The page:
The first day of our tour began with a boat ride downriver until arriving in the Tambopata National Reserve, where we hiked for a few kilometers until reaching Sandoval Lake, a calm lagoon engulfed by thick rainforest and palm trees, which we canoed across. As we paddled below the bright-green canopies, while multicolored butterflies fluttered about and howler monkeys screamed from the depths of the forest, many birds flew by and great river otters played with one another nearby; Mario in turn talked about each specie and its peculiarities. The little village we stayed in was composed of a main house, where breakfast was served and hammocks hung from the wooded walls, and little rooms, where mosquito nets draped over skinny beds–everything was beyond perfect! Energy was available only for a few hours daily, and the dark nights came alive with the music of the forest: frogs croaked, nocturnal birds shrieked and chirped, monkeys grunted, along with the sound of other unknown animals…every night we fell asleep and woke up to a hundred different melodies. The following days were full of hikes throughout the jungle, morning canoe tours along the margins of Sandoval to observe the fauna, and night tours in order to spot the red eyes and lean shapes of the black caimans.
From the warm and humid Amazon Forest near the Brazilian/Bolivian border, we headed back southwest, ascending the Andes once again until the altitude of almost 4,000 m. Even though the landscape changed drastically between the copious rainforest to golden valleys and snowy peaks, the quick switch of altitude didn’t affect me at all–a huge win! On our way to Lake Titicaca, we crossed many plateaus with minuscule villages, where farmers raised llama and sheep for wool and meet, as well as potatoes, maiz, and other tubers; additionally, the low adobe houses with stone corrals were dispersed across the valleys, mountains, and plateaus, and children helped their family with farming (all work done manually).
We arrived in Lake Titicaca (which means grey/rock puma in Aymara and Quechua) late into the night, luckily finding a place to stay near the water and amid smallholdings crowded with bleating sheep. The following morning, a blue-skied day thankfully, we went off to explore the famous Uros Islands, also known as the floating islands, and the Taquile Island, whose community has very unique costumes (we went with Giant Trip Company 50 soles/person, very good!). Since the Uros are composed by dozens of floating islands–all made from totora, a papyrus-like plant–we visited the isle of Suma Utita, where six families resided and were represented by a president called Mario. Our boat was warmly welcomed by the families, mostly women dressed in bright-colored skirts and jackets, who explained and showed us how their islands worked as well as their culture…for instance, the Uros people rely on the eggs of wild birds, dried bird meat, and the milky-white interior of the totora, which is also a powerful teeth whitener and has medicinal properties. Also, unlike the Incas whose language is the quechua, the Uros speak the aymara, a much older language.The floating islands commenced when Pre-Inca groups gathered their boats at the heart of Lake Titicaca, and from there the Uros started using the totora roots as a base for their islands, expanding their territories beyond the totora boats. From Suma Utita we rode to Taquile Island, whose economy relies on textiles and farming. Different from the rest of Peru, where weaving is a woman’s task, in Taquile the men are in charge of such work–good weavers mean great husbands-to-be who can provide for the family, poor weavers are viewed as bad matches. In Taquile, the Quechua language and costumes are still preserved, and the island has a communist system. A very interesting costume is when a woman falls in love, she will cut a piece of her thick hair and weave it into a detailed wool belt with 12 figures, which represent the 12 months of the year, and give it to her partner as a token of love. As for family structures, it’s common for a man and a woman of 16-18 years to live together before getting married, and even have children at an early age, only to marry between 18-21 years old.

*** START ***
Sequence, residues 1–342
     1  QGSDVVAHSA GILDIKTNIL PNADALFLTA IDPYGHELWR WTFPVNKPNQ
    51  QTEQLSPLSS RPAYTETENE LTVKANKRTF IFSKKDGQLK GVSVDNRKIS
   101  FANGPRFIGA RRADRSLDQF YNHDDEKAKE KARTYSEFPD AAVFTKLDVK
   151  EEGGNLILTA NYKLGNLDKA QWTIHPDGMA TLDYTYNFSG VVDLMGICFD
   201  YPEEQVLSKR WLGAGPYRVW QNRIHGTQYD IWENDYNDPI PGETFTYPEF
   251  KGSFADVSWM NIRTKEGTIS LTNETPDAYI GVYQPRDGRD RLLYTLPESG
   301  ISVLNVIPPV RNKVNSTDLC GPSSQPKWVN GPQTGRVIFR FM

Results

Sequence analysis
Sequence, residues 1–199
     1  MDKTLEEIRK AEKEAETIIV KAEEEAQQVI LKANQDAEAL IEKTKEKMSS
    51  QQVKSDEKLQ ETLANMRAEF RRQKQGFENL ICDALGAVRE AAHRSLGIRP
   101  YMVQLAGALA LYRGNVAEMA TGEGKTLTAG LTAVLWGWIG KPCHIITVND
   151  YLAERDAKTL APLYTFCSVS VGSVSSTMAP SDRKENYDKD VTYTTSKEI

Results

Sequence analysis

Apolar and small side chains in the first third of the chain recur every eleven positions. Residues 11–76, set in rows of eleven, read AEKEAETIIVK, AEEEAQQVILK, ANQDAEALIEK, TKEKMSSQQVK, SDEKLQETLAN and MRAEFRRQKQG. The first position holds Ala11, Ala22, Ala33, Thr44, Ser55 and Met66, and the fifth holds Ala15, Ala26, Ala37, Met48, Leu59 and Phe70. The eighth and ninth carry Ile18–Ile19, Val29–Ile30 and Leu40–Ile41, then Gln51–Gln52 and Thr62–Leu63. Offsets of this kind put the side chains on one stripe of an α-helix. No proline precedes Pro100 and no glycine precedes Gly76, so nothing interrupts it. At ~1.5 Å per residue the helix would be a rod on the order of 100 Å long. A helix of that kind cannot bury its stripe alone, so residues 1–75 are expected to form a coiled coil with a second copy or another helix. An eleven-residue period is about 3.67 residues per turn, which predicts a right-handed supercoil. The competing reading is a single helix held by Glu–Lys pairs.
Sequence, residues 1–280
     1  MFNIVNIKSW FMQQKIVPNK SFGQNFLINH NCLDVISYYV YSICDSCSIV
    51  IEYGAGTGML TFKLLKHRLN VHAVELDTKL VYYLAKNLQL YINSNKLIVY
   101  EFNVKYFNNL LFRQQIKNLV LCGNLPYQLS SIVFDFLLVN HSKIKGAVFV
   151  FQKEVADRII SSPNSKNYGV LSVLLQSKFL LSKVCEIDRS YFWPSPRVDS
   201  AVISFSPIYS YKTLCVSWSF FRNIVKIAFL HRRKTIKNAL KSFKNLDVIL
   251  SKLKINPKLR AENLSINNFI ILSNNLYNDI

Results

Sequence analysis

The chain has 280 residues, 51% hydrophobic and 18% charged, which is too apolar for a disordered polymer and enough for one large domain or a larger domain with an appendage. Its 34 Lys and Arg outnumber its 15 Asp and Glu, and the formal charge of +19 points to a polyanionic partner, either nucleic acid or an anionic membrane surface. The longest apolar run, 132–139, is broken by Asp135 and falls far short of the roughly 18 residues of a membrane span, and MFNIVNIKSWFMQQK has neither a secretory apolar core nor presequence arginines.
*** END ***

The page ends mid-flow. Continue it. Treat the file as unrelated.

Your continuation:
Our last stop in Peru was Arequipa, a beautiful town in the midst of the desert at the base of three volcanoes. Arequipa is famous for its plaza de armas and numerous calles framed by colonial buildings, parks, local craft shops, the many cafes and restaurants, and various historical buildings which mark the landscape. We parked on the yard of a charming hotel, where we met other travelers from all over world–Switzerland, France, Germany, amongst others–and got to share our stories and adventures over a small camping table filled with cheese, wine, and chocotone (a Brazilian Christmas sweet). Many of our evenings were spent with fellow overlanders, others we wondered off by ourselves. Besides the daily strolls around town, we visited the colorful Monasterio de Santa Catalina, which was the home for many high-society women for centuries (highly recommend a guided tour); the great Basilica Catedral de Arequipa, a 17th century building stretching across the plaza de armas; the unique Seville-style Jesuit church, Iglesia de la Compania; the archway of Yanahuara, which has a great view of the city; the extremely informative Museo Santuario Andinos, where Arequipa’s famous “ice maiden” can be seen and much of the Inca culture is explained. As always, there are a few restaurants and cafes which I believe worth paying a visit to: Giancarlo Pizzaria is a small, authentic Italian restaurant near the monastery which offers mouth-watering individual pizzas; and Zig Zag, a cosy place with a variety of dishes, including the coveted alpaca. Besides these two, there are numerous chocolate shops and bars offering pisco sour, one of the most popular drinks of Peru.